By Aaron Karp|May 2023
Flying autonomously will be critical for drone operators who want to carry cargo to a variety of destinations. FAA has not determined how it would authorize such flights, throwing business plans into question. Aaron Karp spoke to manufacturers and industry groups about strategies for speeding up the FAA process and starting initial operations while those deliberations proceed.
Doubts are mounting in the emerging autonomous aircraft industry that FAA will be able to devise a process for certifying such designs for cargo flights in a timely way.
FAA’s process for approving and certifying aircraft “was developed in the 1960s and reflects an era when aircraft were simpler,” Pete Bunce, CEO of the General Aviation Manufacturers Association, told the U.S. House Transportation and Infrastructure Committee in February. FAA is stuck with a legacy “document-centric approach that is very transactional in nature,” he said.
At the same hearing, under questioning from lawmakers, FAA Acting Associate Administrator for Aviation Safety David Boulter acknowledged: “The pace of technology has increased, but the pace of our processes have not.”
Manufacturers are considering two coping strategies: Start operations outside the United States, instead of waiting years for an FAA type certificate. Make creative arguments about how to win permission to start operations before receiving type certificates.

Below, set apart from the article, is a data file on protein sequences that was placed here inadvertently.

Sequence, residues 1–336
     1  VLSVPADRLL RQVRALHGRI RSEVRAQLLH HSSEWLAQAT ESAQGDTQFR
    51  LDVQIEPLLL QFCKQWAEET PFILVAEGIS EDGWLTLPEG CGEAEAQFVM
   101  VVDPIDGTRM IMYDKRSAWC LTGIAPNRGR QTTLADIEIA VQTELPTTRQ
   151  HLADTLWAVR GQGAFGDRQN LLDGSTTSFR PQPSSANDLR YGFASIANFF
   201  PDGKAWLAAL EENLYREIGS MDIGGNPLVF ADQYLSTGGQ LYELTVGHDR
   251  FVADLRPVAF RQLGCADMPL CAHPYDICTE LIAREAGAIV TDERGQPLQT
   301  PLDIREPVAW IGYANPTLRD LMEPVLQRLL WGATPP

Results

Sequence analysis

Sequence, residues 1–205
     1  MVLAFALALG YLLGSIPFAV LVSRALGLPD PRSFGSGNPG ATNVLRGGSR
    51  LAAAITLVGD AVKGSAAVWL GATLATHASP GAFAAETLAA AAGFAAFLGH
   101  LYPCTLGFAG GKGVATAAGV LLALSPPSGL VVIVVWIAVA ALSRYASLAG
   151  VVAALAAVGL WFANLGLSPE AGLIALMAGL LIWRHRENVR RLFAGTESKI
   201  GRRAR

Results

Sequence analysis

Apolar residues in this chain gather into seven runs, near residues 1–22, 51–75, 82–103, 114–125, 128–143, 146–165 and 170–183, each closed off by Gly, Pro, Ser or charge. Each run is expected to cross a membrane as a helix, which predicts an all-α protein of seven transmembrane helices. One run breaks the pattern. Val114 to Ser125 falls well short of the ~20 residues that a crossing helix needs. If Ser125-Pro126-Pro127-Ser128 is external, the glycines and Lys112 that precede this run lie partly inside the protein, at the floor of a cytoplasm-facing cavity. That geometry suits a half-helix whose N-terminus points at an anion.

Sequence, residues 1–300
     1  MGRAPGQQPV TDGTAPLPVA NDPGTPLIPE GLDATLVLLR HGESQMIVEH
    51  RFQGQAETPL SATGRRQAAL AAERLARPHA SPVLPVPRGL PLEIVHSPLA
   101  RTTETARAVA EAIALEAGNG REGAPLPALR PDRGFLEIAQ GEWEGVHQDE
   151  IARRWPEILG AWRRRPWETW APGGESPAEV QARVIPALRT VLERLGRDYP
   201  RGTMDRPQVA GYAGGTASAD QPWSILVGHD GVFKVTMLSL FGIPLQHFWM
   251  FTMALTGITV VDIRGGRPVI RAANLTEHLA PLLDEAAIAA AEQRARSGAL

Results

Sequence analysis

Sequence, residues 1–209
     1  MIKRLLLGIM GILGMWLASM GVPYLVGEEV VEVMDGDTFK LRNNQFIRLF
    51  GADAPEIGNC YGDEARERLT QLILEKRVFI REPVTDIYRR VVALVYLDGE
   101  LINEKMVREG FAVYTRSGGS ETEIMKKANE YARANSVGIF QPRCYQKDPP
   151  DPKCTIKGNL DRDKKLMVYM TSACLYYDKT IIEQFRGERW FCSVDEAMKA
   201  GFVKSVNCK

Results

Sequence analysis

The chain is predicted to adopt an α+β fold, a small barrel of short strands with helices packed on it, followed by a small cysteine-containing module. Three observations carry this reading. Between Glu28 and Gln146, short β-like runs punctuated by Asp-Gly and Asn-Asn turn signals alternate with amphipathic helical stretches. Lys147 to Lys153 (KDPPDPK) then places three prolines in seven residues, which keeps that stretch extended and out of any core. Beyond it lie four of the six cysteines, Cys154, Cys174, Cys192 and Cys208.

“We will get FAA certification, but because that’s a rather long time frame, we can’t pin the whole business model, or plan on making money as a company, on FAA certification,” says Dave Merrill, CEO of Elroy Air, which is developing an electric vertical takeoff and landing (eVTOL) cargo aircraft it calls Chaparral. “We’ve got to have a first chapter that doesn’t require” FAA approval, “and so that will be commercial operations outside the U.S.”
The San Francisco-based company plans to begin these flights as soon as next year, with a long-term goal of securing FAA approval to begin autonomous flights in the U.S. in 2026. In Merrill’s view, countries including Australia, Ghana, Rwanda and others in Africa are more likely to approve Chaparrals to autonomously fly cargo over low-population areas because these flights pose a low risk of loss of life. No decisions have been made regarding specific countries, or whether these flights would be operated by Elroy, companies that have placed provisional orders for Chaparrals, or a combination.
Elroy is designing the multiple vertical lift rotors and forward propellers on Chaparrals to be driven by electricity stored in batteries, but each aircraft would also have a conventional combustion engine to take over if the batteries are depleted. This would allow Chaparrals to fly up to 483 kilometers — at least double the ranges targeted by passenger air taxi builders who want to fly their aircraft in urban areas. An additional bonus: Elroy believes this hybrid-electric propulsion all but eliminates the risk of a Chaparral running out of power midflight and dropping the cargo pod slung underneath its fuselage.